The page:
The new Dungeons & Dragons movie is out now for home streaming, and it’s been on my mind since I’m looking forward to watching it, which explains why last night I dreamt I was running a D&D game at what looked like to be a convention.
The group I was running the game for in my dream were experienced players, almost jaded and slightly uninterested, and they were doing quick work of every obstacle and combat I threw at them. That’s when I paused and asked a few questions, looked at their character sheets (all things best done before starting the game), and realized I was running a 4th-level adventure for a group of 13th- to 15th-level characters. Ok, got it, time to switch gears. At that point I scrapped the printed adventure and started throwing new challenges at them, not necessarily combat-related (although there were a few), but situations that tested what each of the characters was supposed to be good at, giving each of them a chance to shine. Time was compressed in that way dream-time works, but I know when we finished the game, the players were all happy and excited about how much fun they’d had.
Sharing my nerdy dream aside, let’s use that to talk about balance in role-playing games.
There is no balance in role-playing games.
It’s made up, a construct.
“Balance” also comes from the gamemaster providing each character with something to do. Tailor encounters to specific characters’ abilities. Make it about spotlight time.— Lightspress Media (@lightspress) February 13, 2022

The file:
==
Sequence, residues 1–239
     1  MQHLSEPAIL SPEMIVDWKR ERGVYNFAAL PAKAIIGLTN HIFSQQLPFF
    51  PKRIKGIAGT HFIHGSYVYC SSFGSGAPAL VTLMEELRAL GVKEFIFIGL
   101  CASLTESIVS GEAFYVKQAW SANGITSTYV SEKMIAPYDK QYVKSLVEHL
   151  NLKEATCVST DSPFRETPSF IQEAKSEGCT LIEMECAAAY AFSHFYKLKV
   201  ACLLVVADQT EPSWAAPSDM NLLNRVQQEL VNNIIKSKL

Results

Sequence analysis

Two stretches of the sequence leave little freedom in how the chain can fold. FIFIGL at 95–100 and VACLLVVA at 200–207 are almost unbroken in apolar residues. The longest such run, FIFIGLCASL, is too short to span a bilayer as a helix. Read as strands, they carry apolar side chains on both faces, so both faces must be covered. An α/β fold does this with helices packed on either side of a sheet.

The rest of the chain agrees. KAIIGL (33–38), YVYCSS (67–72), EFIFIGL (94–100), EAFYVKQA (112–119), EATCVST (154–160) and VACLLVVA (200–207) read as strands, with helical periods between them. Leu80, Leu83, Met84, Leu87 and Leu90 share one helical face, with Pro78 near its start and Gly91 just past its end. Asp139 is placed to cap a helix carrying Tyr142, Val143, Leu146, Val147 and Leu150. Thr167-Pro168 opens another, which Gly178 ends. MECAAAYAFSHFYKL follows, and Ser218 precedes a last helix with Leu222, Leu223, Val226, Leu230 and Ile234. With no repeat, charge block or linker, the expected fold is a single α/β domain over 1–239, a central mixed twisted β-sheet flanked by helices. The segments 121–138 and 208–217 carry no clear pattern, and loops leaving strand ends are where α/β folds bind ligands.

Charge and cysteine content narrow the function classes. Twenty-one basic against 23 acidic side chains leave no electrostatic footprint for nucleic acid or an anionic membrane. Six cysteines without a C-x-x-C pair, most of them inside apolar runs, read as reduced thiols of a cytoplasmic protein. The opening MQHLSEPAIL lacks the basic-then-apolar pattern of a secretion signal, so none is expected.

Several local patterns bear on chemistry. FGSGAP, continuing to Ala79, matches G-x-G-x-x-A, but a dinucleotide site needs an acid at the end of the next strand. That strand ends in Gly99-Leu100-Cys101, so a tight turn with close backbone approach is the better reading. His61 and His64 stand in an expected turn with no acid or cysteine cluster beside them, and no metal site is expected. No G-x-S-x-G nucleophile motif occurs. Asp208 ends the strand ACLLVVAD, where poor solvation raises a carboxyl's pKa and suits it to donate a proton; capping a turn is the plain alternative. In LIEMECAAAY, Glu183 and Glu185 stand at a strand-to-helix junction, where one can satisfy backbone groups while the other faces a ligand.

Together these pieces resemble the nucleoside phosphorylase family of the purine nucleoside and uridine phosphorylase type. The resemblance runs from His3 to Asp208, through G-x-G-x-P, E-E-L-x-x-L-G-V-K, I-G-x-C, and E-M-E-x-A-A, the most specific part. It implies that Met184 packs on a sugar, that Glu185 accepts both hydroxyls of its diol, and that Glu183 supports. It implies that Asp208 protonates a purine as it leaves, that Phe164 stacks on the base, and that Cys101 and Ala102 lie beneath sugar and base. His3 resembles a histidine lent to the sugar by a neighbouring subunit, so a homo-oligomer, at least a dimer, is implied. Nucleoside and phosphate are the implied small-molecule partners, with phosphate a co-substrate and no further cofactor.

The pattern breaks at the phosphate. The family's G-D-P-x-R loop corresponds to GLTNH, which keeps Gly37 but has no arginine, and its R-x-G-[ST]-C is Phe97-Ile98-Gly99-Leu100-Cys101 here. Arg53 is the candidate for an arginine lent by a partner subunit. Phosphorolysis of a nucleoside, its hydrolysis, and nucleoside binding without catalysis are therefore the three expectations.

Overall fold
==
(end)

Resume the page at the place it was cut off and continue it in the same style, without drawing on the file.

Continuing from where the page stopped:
Some systems try like heck to achieve it, but ultimately it’s an ethereal concept. I’m not talking about mathematics here, though. Balance truly exists in a role-playing game when all the interacting elements are operating in harmony with each other, with each having a chance to show its worth. To have balance in a game, all the players (including the GM) have to be equally challenged to their particular skills and needs so they can each shine by providing a productive contribution to the whole.
A combat encounter may be “balanced” in terms of the Challenge Rating math, but if it’s only the fighter, rogue, and cleric bashing the monster while the wizard sits twiddling their thumbs because they only have burning hands left and the monster is immune to fire, then that encounter is not truly balanced. There are ways to make it balanced so that each party member can productively contribute, but that takes work that goes beyond simple math.
Find the thing each player does that makes them cool, and make sure they have a chance to do it. Give each player a chance to have the spotlight on them. That’s how you achieve balance. It’s not necessarily about the numbers, it’s about the fun.
5 thoughts on “May 24, 2023: Balance”
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I’m wondering how long before someone takes your reply seriously without knowing you’re Lightspress!
Um, Security, grognard on aisle 5.
Lightspress is an idiot. Everyone knows that balance comes from rules. Lots and lots of rules. If the rules aren’t balanced, the thing to do is add more rules. Many, many additional books with new rules created to fix the previous new rules that were meant to fix the — you know what, never mind, let’s just make another whole new edition to so we can get it right once and for all and never have to worry about unbalanced rules ever again. Just remember that the guys who wrote the original rules were infallible geniuses
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